Hothouse Earth? Welcome to Hot-tub Earth as ocean temps continue to soar

As of June 1, 2024, Florida's sea surface temperatures already are well above average and much warmer for this time of year, threatening another extreme bleaching event for the region's coral reefs.As of June 1, 2024, Florida's sea surface temperatures already are well above average and much warmer for this time of year, threatening another extreme bleaching event for the region's coral reefs. (Source: NOAA Coral Reef Watch)

Record-setting ocean temperatures have fueled yet another global coral bleaching catastrophe and portend an unprecedented hurricane season.

As global bleaching wreaks havoc on the Great Barrier Reef, global ocean temperatures have been breaking records and have been “off the charts” every day since March, 2023. Last summer’s coastal waters along Florida reached hot-tub levels of more than 100 degrees Fahrenheit (38.6° Celsius), with temperatures already above normal now and earlier than usual.

And the above-normal Atlantic Ocean temperatures, major drivers of hurricane strength, have led to predictions of as many as 7 major hurricanes this year, according to the National Oceanic and Atmospheric Administration’s Climate Prediction Center. And while that number may seem tolerable or not even alarming, hurricanes are getting stronger and more catastrophic due to the climate emergency, research shows.

Related: World’s ocean surface temperature hits record high: “Headed off the charts

Threatened corals threaten human health

The top black line reflects daily global sea surface temperatures in 2024, with 2023 temperatures in gold. The solid gray and dashed lines reflect each year dating back to 1981 as well as mean and variations from the mean.

The top black line reflects daily global sea surface temperatures in 2024, with 2023 temperatures in gold. The solid gray and dashed lines reflect each year dating back to 1981 as well as mean and variations from the mean. (Source: Climate Reanalyzer, Climate Change Institute at the University of Maine, based on data from NOAA Optimum Interpolation Sea Surface Temperature)

In April, NOAA’s Coral Reef Watch declared the world’s fourth global coral bleaching event — the second in the last 10 years. Coral reefs are not just tourist attractions; as many as one billion people around the world depend on reefs for food, coastal protection, cultural practices, and income — collectively valued as much as $11 trillion annually, according to recent research. And scientists estimate 25 percent of all marine species live in and around coral reefs.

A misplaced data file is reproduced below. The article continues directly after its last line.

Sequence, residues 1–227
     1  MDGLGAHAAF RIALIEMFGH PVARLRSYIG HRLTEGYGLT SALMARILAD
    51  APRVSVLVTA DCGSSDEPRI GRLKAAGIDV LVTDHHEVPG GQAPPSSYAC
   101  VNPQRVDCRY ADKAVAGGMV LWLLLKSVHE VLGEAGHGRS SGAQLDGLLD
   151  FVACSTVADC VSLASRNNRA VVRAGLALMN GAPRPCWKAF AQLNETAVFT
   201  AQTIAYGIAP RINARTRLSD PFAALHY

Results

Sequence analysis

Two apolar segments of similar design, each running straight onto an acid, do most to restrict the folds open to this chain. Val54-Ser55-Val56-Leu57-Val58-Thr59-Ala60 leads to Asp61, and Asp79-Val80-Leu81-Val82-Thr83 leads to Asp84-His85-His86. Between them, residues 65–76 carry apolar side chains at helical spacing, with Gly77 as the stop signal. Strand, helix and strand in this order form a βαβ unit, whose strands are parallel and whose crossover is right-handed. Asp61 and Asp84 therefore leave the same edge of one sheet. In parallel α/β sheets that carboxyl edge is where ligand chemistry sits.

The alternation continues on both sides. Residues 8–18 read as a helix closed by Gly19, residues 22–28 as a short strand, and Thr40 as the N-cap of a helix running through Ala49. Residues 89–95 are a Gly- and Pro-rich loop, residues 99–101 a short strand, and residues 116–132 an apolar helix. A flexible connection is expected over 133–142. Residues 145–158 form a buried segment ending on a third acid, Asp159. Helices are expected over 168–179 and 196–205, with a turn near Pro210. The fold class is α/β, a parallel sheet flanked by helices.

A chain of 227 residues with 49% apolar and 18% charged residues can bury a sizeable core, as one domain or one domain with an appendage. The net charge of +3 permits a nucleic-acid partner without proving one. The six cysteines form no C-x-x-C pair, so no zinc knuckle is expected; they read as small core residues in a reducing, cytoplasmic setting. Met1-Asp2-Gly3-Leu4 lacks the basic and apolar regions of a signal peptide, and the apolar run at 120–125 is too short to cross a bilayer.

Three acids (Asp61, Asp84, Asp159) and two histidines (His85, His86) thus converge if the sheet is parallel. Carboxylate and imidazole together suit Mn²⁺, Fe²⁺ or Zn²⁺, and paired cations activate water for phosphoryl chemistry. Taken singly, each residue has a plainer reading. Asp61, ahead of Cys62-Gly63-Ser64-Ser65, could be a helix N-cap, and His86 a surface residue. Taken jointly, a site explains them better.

Corals “bleach” when above-average temperatures create stress and corals expel the symbiotic zooxanthellae algae that give them color and help them survive. While corals can recover from such events, extended marine heat waves can kill them, resulting in a marine wasteland.

A March 2024 aerial survey of the Central Great Barrier Reef found bleaching prevalance (in white) clearly visible, affecting 60- to 90-percent of the reef pictured.

A March 2024 aerial survey of the Central Great Barrier Reef found bleaching prevalance (in white) clearly visible, affecting 60- to 90-percent of the reef pictured. (Image: Australian Institute of Marine Science, Dr. Neal Cantin)

As scientists nervously monitor Florida’s coral reefs, Australia’s Great Barrier Reef suffered its fifth mass bleaching event since 2016 throughout all three of its regions, The Great Barrier Reef Marine Park Authority confirmed. Aerial surveys found 75 percent of the reefs suffered heat stress “capable of causing coral bleaching,” according to its April final bleaching report.

Related: Saving the Great Barrier Reef from ourselves: a case study

A failure of the international community

Progress made in closing the global gap in climate action remains woefully inadequate — 41 of 42 indicators assessed are not on track to achieve their 2030 targets, according to an annual report published by Systems Change Lab. Thus, reducing greenhouse gas emissions isn’t happening at the pace and scale needed to limit global heating to the critical 1.5°C threshold.

Related: Only a few degrees of global warming? So what.

The report did identify some global efforts “heading in the right direction at a promising, albeit still insufficient, pace,” but that “an enormous acceleration in effort will be required across all sectors to get on track” to meet 2030 global greenhouse emission-reduction targets.

Related: Political will all we need to avert climate catastrophe

Your vote counts, so vote like you mean it

Gerald Ford and Tip O'Neill

Gerald Ford with Tip O’Neill (Source: Wikimedia)

The late Massachusetts Congressman Tip O’Neill (pictured above) is credited for suggesting “all politics is local” — the notion that, to some, suggest local issues outweigh national issues when voters cast their votes. But as no community can escape the extreme impacts of global heading, all climate change is local, too — especially when it is time to vote in the upcoming election.

Inside Climate News has a guide to help you determine which candidates are serious about climate change. Spoiler alert: with few exceptions it’s unlikely to be a Republican — not a single congressional Republican supported the 2022 climate bill dedicating $374 billion to decarbonization and climate resilience.

  • Visit https://vote.gov/ to verify your voting status, register to vote, and check important upcoming dates and deadlines.